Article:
Because we don’t put it into our calendars. We don’t create a meeting with ourselves.
I know this is another strange thought but the reality is when we write down or type something, in this case, into our calendar, we’re saying it’s important. You see our brains work this way – when we think about something, speak it out loud and then write it down, we’re significantly more likely to remember and then follow through on it.
Now, at the risk of seeming even more strange, I need to say this as well – when we set meetings with ourselves, we need to create and write down an agenda. It may be a simple, repeatable agenda but, like all other meetings, a thoughtful, intentional agenda leads to a meaningful, productive meeting, even with ourself.
So the next question is – how often should we meet with ourselves and what do we talk about? We should meet every day, even if it’s for just a few minutes. And we should answer questions like those below. I have a rhythm of meetings I try to stick too – they follow the same pattern as our organizational meeting rhythm –
Meeting and Agenda (questions to answer):
Daily (10 min):
- What’s the most important thing I can do today?
- When will I do it?
Weekly (15 min):
- What’s the 3 most important priorities I need to accomplish this week?
- Do I have time in my calendar blocked out to do them?
Monthly (30 min):
- What are my top 3 to 5 priorities for the month?
- Do I have time in my calendar blocked out to do them?
Quarterly (30 min):
- What are my top 3 to 5 priorities for the quarter?
Annual (2 hours):
- What are my 5 to 7 goals for the year?
- Is my life aligned with my purpose, values and dreams?
- What’s my unifying theme for the year?
So here’s the challenge – starting next week, try meeting daily with yourself. Put these meetings into your calendar and simply ask the questions above. See if you don’t become more focused, more effective and less stressed than you’ve ever been.
New Year’s resolutions have gotten a bad rap lately. There’s much written about how so many people make resolutions at the beginning of a new year but, in the end, so few actually keep them. So the advice of many self help writers is simply this – why bother, why put yourself through this process, why set yourself up for failure?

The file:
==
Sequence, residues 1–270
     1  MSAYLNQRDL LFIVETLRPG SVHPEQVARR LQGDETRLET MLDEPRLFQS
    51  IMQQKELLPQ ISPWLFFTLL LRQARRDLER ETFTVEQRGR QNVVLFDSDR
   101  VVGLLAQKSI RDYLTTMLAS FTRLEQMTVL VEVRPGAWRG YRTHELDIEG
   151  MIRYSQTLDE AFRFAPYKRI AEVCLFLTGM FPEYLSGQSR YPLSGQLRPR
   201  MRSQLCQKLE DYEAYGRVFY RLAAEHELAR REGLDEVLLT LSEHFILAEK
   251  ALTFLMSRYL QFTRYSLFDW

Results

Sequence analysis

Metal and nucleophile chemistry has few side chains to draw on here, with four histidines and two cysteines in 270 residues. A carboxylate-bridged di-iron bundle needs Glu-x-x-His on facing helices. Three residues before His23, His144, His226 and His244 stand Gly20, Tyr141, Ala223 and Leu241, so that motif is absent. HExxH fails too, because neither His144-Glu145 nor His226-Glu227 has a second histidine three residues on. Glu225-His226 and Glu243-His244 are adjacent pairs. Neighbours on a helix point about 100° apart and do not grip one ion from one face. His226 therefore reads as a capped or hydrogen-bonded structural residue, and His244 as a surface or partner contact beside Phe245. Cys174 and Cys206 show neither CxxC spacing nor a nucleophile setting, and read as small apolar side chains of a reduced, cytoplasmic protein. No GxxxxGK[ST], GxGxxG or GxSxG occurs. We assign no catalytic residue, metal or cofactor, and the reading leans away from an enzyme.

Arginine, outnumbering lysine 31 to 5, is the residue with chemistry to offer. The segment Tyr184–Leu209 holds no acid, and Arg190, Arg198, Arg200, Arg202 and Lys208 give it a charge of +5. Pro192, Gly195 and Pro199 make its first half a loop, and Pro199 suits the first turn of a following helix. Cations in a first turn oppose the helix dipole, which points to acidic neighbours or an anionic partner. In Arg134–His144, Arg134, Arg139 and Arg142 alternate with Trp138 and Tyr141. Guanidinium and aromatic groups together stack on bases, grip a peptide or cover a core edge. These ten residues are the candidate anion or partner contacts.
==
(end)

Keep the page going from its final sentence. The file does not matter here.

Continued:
But this kind of logic isn’t how great organizations or movements are built, world changing action is taken, personal transformation happens, or mountains moved. Whether it’s a New Year’s resolution or simply a personal goal or new calling, you’re taking a risk by setting them, it’s the reality of goal setting.
But this reality should never stop us from setting a goal and then working to achieve it. Just because most people don’t fulfill their New Year’s resolutions certianly isn’t a reason to avoid them. Instead understanding that failure is the accepted risk we take to create change, isn’t a reason to opt out, it’s the reality we embrace to increase our chances of success.
Now how do we increase our chances of succeeding, in achieving our New Year’s resolutions? By remembering these five principles of goal setting:
- Reality – Know that we tend to be overly optimistic with short-term goals and too pessimistic about long-term goals – so we adjust our goals accordingly.
- Focused – Have only a few resolutions. The less, the better the chance of success.
- Written – Write them down then review them on a regular basis (click here to learn about meetings with yourself)
- Guided – Share them with people who can provide wisdom and encouragement.
- Downside -Remember that even if we fall short of achieving our resolutions, we’ll most likely come significantly farther along our journey then we would have if we’d never set the goal in the first place.